Guerrilla marketing is always something I’ve been a fan of.  The gist of it is that it’s a  strategy that utilizes unconventional and creative tactics to promote a product or service, typically on a low budget. This type of marketing is highly targeted and aims to create buzz and generate attention. I’ll share a story here that caught my attention during startup school.

Legend has it that there was this big fintech conference happening in the valley and to have your logo featured on the stage and in other places – you needed to pay for a sponsorship that cost hundreds of thousands of dollars. Stripe was a young startup back then and it was taking on PayPal – the Goliath. What the team at Stripe did was take some bank notes, put them in a bucket and froze them overnight. On the day of the conference they turned up to the venue – put the money (now inside ice cubes) near the entrance and held a placard saying – “Paypal freezes your money – Try Stripe !”. This got the attention of EVERY single person at the conference. Stripe also did something clever – they paid the bellhops at the hotels and had them slip a brochure of their product into every room which had conference attendees. This would have cost a bomb to do otherwise – sponsoring the event and include this brochure as part of the SWAG kit. One thing was clear, at the end of this event, every single person knew about Stripe, was discussing their antics and several of them tried Stripe over the coming days.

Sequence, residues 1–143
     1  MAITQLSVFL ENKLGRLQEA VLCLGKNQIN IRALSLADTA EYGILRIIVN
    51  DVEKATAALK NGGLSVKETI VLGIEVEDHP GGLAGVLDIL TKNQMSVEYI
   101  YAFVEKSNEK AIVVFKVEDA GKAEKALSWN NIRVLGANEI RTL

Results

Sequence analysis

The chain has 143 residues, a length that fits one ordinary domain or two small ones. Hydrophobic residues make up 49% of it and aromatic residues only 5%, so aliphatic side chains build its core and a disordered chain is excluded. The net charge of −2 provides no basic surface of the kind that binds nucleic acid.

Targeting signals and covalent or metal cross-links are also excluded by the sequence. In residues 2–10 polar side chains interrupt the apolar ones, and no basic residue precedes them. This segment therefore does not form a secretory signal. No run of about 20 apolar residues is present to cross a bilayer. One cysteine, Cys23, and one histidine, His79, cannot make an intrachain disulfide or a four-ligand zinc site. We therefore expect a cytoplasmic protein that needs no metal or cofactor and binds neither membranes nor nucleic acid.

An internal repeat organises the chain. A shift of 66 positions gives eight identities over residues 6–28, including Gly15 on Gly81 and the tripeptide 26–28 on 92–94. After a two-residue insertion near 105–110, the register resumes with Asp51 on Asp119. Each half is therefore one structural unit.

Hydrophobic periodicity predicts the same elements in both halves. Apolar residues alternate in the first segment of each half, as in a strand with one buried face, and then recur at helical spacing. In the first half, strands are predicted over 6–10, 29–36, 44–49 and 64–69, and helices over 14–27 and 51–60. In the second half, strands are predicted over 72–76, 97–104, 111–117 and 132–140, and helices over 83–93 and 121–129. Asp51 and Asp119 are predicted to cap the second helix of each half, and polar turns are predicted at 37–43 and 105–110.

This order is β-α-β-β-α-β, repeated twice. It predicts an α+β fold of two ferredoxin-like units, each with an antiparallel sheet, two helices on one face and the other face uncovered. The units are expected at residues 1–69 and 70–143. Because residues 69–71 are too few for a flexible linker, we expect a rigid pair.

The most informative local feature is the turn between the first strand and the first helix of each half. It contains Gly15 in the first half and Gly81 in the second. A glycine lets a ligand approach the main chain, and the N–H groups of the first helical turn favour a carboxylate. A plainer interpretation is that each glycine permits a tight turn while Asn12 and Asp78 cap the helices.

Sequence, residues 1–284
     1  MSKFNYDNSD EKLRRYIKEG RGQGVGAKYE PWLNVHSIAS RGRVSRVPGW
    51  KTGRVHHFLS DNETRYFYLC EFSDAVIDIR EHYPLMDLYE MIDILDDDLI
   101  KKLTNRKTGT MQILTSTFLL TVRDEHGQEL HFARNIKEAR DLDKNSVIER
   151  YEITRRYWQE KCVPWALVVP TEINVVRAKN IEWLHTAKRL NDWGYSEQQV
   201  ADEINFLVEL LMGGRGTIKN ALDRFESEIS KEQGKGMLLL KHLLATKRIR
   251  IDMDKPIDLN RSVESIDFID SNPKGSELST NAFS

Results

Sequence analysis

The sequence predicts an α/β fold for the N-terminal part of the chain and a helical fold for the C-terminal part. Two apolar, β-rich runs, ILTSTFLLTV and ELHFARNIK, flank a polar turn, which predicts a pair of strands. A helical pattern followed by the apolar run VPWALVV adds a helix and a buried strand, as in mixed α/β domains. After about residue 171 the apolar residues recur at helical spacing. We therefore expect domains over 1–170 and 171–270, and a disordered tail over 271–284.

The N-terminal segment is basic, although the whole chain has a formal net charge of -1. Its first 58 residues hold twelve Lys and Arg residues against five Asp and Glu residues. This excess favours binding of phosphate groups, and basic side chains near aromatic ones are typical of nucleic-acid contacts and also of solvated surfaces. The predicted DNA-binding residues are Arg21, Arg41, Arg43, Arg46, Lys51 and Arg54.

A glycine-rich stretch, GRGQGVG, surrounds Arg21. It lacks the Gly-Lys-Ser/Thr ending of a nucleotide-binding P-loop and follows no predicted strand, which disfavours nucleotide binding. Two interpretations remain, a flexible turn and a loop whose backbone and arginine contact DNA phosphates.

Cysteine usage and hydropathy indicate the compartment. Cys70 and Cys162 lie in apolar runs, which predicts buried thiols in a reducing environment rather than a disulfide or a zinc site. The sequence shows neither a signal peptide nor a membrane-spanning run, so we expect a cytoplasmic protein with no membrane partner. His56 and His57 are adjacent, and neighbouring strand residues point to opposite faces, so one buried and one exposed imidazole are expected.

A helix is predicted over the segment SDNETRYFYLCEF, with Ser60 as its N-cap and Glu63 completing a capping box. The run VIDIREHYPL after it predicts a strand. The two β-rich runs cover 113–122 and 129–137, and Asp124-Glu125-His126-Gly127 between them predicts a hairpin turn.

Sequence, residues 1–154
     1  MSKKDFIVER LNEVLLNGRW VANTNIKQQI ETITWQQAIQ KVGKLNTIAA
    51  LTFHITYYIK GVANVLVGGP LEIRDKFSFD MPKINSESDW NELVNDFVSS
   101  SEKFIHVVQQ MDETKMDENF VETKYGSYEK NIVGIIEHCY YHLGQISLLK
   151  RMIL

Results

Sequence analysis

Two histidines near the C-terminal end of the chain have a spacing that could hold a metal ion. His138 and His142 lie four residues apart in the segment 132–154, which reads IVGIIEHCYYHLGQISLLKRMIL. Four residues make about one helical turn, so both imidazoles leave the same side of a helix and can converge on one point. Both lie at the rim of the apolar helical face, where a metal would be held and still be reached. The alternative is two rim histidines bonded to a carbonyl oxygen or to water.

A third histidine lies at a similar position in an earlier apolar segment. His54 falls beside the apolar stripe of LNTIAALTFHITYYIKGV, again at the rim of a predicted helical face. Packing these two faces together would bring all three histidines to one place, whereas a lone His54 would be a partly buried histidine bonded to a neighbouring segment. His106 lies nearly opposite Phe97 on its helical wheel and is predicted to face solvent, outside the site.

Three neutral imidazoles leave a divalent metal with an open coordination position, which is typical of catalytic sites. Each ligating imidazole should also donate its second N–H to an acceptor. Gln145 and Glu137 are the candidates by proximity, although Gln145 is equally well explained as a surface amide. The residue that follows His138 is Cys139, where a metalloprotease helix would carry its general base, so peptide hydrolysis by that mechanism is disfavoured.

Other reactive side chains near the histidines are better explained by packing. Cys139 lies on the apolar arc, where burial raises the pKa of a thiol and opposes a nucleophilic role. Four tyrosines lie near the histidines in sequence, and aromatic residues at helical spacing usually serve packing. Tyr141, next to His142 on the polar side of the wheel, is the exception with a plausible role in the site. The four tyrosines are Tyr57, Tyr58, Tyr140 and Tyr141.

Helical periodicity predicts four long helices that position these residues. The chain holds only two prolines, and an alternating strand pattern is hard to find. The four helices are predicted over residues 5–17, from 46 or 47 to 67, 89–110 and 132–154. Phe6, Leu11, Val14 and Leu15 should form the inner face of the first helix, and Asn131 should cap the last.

The next story is somewhat different. On average a successful startup returns about 676% over the course of its lifetime – Wufoo returned around 30,000% ! Yes you red that right if you had invested $10k during their initial fundraise, you would have made around $30M when they were sold to SurveyMonkey a few years later. Such outliers naturally grab my attention and I was looking at some of the things they did right.

I’ll share a story of when they used a form of  Guerrilla marketing to get outsized returns. Most companies in the 2000s used to run hackathons when they came out with a new API and used to give out iPads or iPhones as prizes – this was the norm and was getting kind of boring. Wufoo wanted to try something different, the founding team and early employees were medieval nuts. They contacted a forge and got an actual battle axe built which would be the prize. Talk about weaponizing programming !!

At the end of this hackathon Wufoo got an Android app, an iPhone app and a WordPress plugin for their platform. This would be otherwise impossible to build for the small team with the money and resources they had. Lots of developers continued to remember and discuss this cool hackathon in the coming days and the traction in dev community was unbelievable.

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